Buying a knock-off Louis Vuitton bag is one thing, but in Europe, farmers are buying knock-off pesticides. Counterfeit pesticides have become a multimillion industry over there, and if that sounds like bad news, it is: According to the Wall Street Journal, these knock-offs contain a solvent that the European Union banned because it's a huge problem for pregnant women. The WSJ's article also makes the E.U.'s efforts to deal with the problem sound like a giant clusterf*ck. There are loopholes in counterfeiting laws that mean customs can't seize the fake pesticides. The company that's been ripped off has to deal with the goods and try to recoup costs from counterfeiters, who are obviously the sort of people who'll say, "Whoops, you found me! Here are the millions of euros I made selling nasty, dangerous goods under your name!" (Or, as the WSJ puts it: "[P]ractically this can prove complicated and even impossible, as many of these companies are beyond EU jurisdiction or completely bogus.")
If you saw this on top of your local McDonald's, would it make you more likely to pull over for a burger and fries? I have to admit that it would work on me.
A third of the honey consumed in the U.S. is likely to have been smuggled in from China and may be tainted with illegal antibiotics and heavy metals, according to a blockbuster story in Food Safety News.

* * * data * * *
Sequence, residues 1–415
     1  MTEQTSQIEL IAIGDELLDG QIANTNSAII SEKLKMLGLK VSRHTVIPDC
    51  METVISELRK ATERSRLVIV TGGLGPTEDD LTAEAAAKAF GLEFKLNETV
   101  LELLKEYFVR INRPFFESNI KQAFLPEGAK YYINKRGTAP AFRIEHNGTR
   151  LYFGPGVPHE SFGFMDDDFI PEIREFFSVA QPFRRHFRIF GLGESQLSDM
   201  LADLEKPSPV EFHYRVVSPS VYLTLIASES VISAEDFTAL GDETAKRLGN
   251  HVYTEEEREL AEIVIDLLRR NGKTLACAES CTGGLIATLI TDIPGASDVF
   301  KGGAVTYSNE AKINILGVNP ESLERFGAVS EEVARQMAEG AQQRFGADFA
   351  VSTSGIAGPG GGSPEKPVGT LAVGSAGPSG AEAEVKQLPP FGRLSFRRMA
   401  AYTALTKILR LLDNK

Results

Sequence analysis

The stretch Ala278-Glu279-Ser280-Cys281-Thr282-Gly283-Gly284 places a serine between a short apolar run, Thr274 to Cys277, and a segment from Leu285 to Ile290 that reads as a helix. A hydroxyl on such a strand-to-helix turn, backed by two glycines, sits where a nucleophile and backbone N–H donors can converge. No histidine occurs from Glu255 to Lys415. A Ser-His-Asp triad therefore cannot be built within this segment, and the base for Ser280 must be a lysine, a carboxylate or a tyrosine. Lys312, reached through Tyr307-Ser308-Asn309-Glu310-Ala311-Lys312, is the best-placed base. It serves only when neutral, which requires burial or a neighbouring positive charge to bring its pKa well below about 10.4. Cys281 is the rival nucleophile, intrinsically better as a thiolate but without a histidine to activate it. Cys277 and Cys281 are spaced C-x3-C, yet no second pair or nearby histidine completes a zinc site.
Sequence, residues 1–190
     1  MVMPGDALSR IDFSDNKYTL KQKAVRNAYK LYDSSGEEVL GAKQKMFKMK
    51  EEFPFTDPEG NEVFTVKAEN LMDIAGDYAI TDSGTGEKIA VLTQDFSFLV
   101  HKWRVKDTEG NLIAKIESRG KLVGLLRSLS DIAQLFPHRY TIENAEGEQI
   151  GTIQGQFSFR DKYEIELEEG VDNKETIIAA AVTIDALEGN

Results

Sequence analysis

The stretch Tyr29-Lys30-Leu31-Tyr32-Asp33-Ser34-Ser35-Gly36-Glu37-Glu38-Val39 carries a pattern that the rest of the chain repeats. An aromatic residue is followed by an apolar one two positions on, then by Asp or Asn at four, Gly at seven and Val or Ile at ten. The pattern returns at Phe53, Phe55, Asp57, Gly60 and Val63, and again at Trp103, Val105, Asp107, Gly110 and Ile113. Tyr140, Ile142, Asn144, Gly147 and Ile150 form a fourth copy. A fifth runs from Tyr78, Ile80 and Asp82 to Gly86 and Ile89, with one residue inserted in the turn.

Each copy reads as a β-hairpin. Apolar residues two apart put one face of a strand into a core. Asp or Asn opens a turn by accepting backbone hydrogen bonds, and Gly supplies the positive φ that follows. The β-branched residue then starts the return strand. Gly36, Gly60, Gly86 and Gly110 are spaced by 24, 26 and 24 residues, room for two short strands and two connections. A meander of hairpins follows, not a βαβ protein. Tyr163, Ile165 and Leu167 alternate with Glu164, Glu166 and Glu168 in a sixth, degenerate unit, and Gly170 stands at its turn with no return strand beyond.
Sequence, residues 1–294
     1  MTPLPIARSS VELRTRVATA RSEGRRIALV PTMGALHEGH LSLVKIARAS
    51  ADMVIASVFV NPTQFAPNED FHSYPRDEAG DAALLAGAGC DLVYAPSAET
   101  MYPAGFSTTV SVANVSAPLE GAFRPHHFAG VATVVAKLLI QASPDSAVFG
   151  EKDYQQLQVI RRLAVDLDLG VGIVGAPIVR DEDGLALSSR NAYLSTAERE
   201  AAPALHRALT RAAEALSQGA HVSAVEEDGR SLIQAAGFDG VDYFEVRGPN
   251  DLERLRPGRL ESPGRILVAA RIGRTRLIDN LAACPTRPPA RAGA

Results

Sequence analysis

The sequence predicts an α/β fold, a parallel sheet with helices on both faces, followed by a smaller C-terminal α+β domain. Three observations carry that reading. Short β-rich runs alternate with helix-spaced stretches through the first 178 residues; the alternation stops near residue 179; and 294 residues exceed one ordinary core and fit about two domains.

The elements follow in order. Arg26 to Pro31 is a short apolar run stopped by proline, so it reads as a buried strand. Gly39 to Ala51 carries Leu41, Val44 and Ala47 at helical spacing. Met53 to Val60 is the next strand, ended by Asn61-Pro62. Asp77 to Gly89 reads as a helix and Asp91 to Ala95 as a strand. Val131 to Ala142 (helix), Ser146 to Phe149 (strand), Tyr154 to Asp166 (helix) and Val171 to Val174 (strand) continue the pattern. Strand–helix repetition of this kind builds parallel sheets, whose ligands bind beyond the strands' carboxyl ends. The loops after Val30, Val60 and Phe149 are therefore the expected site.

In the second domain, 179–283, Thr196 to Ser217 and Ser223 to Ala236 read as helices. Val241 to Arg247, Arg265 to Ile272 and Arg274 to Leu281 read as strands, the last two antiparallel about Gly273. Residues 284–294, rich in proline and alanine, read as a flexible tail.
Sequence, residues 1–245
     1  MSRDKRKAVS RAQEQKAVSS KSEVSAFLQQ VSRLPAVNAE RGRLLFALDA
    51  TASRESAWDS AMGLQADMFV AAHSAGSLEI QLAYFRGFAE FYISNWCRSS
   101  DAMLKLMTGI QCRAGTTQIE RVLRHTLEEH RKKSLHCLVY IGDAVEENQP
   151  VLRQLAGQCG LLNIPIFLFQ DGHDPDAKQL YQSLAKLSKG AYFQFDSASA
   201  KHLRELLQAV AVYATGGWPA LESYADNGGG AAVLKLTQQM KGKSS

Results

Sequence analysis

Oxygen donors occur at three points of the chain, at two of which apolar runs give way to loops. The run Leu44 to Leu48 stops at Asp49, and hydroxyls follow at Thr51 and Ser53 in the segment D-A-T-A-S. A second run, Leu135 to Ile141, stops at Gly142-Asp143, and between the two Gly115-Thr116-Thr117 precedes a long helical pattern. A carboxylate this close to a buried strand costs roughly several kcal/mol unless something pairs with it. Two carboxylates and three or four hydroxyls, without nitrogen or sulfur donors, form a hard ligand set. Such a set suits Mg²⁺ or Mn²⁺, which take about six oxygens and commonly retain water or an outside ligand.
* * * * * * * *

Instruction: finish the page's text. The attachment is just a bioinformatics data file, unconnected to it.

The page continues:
When poultry farms switch from conventional to organic farming practices, they almost immediately start seeing way fewer drug-resistant bacteria.
The salmonella-tainted-turkey disaster that has sickened 77 people and killed one proves that the government's approach to regulating disease-causing pathogens like salmonella and E. coli in food simply doesn't work.
Last week, the latest massive food safety recall hit the news -- 36 million pounds of ground turkey possibly tainted with salmonella, courtesy of meat giant Cargill. Some media outlets reported that it's currently legal to sell salmonella-tainted meat. While the meat industry might like it that way, that's not the entire story.
The suspicious timing of a press release about tainted raw milk suggests the FDA hypes concerns over this product more than others.
An agreement between the Humane Society and United Egg Producers to seek federal legislation for better henhouse conditions is still a long way from having any real effect.
Did the USDA just open the floodgates to unlimited, unregulated planting of new genetically engineered crops? It sure looks that way.